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Is yoga dangerous? The media debate rages on


In the past few days, yoga has been thrown into the media spotlight, and not for the usual charge of navel gazing. We want to know what you think about all of this yogic hubbub!
David Regelin
David Regelin can do this, but he probably doesn't think you should. (Photo credit: Danny Kim for NYMag.com)

 

In the past few days, yoga has been thrown into the media spotlight, and not for the usual charge of navel gazing.

According to The New York Times and New York Magazine, the way yoga is practiced in the West right now is seriously dangerous.

The Times piece caused the most hubbub, and for good reason. The visceral descriptions of yoga-class injuries like popping ribs to strokes were painful to read.

Several big-name yoga teachers have responded to the story and its fear-mongering, including Roger Cole (quoted in the piece), Eddie Stern, and Michael Taylor. (YogaDork’s rebuttal round-up also includes commentary from a physical therapist and a chiropractor.)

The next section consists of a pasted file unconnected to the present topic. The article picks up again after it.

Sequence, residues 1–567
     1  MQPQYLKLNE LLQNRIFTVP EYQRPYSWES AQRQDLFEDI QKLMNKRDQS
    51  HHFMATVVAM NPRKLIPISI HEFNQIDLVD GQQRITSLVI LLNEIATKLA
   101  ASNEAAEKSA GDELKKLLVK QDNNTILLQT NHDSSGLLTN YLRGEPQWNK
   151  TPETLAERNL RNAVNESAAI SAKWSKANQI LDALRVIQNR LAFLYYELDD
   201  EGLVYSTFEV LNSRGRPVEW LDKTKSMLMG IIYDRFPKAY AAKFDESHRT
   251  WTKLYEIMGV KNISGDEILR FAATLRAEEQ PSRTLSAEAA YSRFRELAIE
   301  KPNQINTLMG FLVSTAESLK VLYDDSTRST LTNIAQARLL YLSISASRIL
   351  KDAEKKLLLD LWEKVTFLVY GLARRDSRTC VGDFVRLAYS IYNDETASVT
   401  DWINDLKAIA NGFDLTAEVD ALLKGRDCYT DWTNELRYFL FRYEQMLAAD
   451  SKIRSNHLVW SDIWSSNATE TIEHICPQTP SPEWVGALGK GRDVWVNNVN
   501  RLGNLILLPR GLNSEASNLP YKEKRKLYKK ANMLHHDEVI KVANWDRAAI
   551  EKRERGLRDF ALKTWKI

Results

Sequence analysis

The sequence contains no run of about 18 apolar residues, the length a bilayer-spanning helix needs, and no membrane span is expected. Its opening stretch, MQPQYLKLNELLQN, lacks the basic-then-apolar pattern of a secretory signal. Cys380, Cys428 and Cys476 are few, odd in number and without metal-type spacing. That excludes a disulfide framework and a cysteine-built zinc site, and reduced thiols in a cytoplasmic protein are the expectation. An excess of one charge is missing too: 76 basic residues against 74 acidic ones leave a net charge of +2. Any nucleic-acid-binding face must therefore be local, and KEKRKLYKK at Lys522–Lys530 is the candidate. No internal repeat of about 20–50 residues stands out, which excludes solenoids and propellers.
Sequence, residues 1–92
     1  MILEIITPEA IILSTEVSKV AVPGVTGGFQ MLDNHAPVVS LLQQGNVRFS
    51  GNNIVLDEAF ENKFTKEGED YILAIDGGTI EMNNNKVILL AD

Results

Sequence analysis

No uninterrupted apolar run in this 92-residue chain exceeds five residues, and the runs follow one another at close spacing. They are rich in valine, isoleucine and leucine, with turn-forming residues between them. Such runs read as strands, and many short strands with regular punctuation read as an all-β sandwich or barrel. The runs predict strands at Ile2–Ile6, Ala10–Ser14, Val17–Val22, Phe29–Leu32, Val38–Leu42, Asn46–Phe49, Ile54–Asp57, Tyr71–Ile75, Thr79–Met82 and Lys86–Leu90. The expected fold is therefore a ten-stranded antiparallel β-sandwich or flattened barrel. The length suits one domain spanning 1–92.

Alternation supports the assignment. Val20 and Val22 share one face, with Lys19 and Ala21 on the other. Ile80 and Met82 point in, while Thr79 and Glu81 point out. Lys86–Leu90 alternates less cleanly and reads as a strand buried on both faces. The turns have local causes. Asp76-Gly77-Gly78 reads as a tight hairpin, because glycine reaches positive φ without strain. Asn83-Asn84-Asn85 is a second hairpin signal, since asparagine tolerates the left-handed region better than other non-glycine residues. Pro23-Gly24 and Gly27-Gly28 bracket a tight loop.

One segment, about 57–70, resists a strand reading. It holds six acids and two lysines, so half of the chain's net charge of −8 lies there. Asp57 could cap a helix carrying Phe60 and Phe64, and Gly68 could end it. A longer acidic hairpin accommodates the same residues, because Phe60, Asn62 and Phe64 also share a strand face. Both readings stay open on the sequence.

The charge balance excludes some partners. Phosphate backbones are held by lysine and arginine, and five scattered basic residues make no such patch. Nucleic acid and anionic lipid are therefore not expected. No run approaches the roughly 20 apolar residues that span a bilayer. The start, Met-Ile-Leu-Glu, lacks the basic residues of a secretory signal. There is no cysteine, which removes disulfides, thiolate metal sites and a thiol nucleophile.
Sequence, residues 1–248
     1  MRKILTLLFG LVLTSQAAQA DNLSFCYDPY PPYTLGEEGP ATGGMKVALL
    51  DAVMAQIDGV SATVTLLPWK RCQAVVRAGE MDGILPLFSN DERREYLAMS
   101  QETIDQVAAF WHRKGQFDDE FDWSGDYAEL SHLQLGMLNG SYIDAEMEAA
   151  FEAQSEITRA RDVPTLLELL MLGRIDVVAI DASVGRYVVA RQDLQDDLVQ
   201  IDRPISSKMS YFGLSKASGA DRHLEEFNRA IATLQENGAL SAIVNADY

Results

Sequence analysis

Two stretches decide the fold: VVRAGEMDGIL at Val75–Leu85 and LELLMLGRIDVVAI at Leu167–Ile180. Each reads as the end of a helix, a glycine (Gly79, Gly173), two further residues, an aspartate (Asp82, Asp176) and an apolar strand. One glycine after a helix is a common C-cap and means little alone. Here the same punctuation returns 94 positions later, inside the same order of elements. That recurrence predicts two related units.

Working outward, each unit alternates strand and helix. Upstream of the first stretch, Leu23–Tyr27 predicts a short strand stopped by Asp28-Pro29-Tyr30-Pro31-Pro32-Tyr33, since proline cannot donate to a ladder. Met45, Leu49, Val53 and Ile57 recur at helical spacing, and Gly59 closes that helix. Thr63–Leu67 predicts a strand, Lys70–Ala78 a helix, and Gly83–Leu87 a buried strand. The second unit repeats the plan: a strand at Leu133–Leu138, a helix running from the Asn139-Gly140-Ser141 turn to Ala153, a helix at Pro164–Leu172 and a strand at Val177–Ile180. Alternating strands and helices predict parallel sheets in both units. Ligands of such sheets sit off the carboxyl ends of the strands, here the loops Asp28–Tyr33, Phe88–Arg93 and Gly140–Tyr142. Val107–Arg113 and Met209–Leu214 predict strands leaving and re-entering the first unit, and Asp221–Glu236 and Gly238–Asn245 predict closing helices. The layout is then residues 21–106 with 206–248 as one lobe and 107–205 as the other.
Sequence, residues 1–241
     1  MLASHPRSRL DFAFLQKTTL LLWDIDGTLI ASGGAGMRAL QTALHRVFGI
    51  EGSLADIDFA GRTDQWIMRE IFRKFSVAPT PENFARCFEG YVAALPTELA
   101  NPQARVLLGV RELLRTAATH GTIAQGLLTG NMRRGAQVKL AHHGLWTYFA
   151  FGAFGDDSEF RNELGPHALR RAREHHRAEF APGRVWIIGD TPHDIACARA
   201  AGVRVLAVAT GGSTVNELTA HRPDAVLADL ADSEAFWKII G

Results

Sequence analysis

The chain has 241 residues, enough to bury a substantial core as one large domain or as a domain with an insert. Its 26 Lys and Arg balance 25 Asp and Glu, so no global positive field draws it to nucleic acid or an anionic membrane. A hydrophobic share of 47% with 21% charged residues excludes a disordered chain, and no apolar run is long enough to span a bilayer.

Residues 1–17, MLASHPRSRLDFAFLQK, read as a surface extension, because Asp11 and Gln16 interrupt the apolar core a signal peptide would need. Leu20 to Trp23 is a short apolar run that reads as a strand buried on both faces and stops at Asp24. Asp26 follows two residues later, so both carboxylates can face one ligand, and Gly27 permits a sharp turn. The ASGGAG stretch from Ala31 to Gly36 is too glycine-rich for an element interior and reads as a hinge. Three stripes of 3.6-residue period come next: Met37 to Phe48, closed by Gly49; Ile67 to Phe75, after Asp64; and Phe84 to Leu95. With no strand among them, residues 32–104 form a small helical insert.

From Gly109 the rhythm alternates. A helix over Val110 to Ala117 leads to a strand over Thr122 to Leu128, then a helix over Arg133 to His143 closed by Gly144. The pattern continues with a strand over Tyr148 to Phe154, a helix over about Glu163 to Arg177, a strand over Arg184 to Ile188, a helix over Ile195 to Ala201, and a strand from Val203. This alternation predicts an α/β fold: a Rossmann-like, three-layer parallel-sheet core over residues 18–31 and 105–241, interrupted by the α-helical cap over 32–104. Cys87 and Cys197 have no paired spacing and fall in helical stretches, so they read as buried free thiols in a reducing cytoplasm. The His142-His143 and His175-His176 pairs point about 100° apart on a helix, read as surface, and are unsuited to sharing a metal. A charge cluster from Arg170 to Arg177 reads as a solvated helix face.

New York Magazine‘s piece profiled instructor David Regelin’s decision to leave Kula Yoga Project after deciding that the yoga being practiced had become too focused on athleticism, and that most people were doing it wrong (and therefore risking injury) in order to keep up or show off.

While debates rage on about these points (and feel free to rant in the Comments section, below!), there’s an interesting thing about this new yoga-injury zeitgeist:  Now, in the mainstream media, yoga being viewed as an athletic pursuit.

Publications like the Times and New York Magazine went from treating yoga like a pansy pursuit in their coverage to calling it aneurysm-causing—overnight.

What do you think? Did the Times and New York Magazine give yoga a fair shake? Is yoga more dangerous than it should be? Tell us, in the Comments, below!

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